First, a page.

Friday, 6 September 2019

Questions (216)

Róisín Shortall


216. Deputy Róisín Shortall asked the Minister for Public Expenditure and Reform the basis of assuming a significant fall in the projected demographic costs associated with social projection arising from the change in pension age, further to the paper Budgetary Impact of Changing Demographics 2017-2027; the extent to which increases in jobseeker payments from persons in their mid-sixties have been factored into this calculation; and if a revised paper will be provided with projected jobseeker increases included in the final costing. [36396/19]

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Written answers (Question to Public)

The purpose of the paper is to examine expected changes in the age structure of the Irish population and how these specific changes impact areas of public expenditure in the short, medium and long term. The demographic projections in the paper are based on the assumption that the only variables changing over the period are the size and age distribution of the population. Pension projections take account of legislation which increases the eligible age to 67 from 2021 onwards.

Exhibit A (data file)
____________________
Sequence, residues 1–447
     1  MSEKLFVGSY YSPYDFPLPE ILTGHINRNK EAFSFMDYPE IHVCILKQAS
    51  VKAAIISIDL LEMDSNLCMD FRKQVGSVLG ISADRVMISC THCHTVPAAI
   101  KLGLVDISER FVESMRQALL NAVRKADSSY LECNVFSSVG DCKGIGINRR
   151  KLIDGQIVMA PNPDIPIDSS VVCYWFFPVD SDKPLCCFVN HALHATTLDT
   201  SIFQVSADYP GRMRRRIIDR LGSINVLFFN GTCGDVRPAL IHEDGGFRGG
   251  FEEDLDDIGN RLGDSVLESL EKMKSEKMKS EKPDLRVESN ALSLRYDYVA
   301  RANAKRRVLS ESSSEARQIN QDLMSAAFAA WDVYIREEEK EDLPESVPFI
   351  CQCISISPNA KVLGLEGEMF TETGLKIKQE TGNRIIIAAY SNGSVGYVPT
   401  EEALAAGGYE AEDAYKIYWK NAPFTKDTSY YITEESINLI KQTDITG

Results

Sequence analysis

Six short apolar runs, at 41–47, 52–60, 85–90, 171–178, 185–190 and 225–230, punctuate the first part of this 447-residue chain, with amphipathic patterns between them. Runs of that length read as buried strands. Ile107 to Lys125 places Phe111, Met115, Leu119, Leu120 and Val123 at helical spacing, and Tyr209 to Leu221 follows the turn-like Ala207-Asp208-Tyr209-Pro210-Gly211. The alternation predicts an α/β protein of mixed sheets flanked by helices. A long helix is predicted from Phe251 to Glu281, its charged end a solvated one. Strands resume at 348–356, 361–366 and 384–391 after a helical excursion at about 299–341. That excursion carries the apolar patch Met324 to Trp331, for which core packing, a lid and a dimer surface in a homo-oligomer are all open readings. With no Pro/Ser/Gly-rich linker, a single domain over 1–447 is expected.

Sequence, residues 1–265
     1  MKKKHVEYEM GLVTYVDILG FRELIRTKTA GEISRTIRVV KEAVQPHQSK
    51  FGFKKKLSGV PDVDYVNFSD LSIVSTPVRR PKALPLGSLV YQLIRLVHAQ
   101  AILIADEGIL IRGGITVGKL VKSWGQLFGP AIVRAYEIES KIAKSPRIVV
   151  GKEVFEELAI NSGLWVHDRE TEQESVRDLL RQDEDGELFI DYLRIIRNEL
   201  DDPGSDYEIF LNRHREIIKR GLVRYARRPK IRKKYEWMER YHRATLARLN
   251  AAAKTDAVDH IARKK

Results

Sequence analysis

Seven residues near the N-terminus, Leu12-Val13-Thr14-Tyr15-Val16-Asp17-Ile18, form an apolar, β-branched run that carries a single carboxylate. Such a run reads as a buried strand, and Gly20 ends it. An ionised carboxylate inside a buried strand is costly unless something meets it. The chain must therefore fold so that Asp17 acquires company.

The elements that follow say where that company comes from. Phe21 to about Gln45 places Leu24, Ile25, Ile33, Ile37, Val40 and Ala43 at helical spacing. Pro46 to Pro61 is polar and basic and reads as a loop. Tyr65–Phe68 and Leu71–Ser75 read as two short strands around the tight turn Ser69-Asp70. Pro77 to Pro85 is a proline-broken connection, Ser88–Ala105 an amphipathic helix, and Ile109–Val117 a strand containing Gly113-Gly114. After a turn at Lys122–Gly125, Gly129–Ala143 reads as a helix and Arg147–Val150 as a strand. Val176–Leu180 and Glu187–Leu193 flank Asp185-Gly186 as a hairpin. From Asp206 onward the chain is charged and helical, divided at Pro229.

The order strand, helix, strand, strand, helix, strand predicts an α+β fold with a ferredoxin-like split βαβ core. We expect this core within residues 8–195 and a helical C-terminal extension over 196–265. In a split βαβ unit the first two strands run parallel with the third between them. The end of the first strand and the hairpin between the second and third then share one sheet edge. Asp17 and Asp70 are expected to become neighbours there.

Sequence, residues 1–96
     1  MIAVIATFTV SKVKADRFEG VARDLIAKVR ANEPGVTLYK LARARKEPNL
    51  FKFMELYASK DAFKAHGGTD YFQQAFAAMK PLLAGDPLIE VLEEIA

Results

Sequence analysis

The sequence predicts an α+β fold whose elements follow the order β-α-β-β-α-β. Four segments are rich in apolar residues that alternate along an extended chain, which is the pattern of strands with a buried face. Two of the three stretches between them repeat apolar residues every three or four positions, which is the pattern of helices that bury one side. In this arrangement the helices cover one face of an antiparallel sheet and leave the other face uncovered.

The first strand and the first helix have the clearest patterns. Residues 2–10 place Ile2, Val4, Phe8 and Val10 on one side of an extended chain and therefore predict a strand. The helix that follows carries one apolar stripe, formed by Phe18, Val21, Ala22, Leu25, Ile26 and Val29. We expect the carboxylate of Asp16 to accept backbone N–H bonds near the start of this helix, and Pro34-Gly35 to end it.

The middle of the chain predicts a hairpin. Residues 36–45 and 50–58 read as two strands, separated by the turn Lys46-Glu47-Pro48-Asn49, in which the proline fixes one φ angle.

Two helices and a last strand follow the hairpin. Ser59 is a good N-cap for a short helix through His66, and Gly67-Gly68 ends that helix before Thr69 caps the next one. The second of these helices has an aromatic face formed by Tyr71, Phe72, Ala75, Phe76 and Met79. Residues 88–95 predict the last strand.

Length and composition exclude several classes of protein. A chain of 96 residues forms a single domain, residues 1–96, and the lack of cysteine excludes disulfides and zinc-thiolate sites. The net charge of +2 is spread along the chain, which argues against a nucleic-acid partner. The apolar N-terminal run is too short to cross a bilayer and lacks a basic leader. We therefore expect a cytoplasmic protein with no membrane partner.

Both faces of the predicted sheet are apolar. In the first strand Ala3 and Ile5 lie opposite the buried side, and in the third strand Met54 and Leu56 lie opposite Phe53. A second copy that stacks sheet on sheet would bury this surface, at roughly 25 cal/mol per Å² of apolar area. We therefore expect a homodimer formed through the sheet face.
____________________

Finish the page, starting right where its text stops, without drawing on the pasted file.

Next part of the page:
These estimates focus exclusively on the cost of demographic pressures across Health, Social Protection and Education. These annual demographic estimates inform budgetary allocations along with a variety of other factors which influence overall allocations.

Going forward, IGEES intends to build on the 2016 work and an update of the paper is due to be published as part of the 2019 Spending Review. This update will again examine the cost of demographic pressures over a ten year period, 2020 to 2030, focusing on Health, Social Protection and Education, as these are three primary areas of current expenditure which are particularly impacted by demographic changes.

Question No. 217 answered with Question No. 178.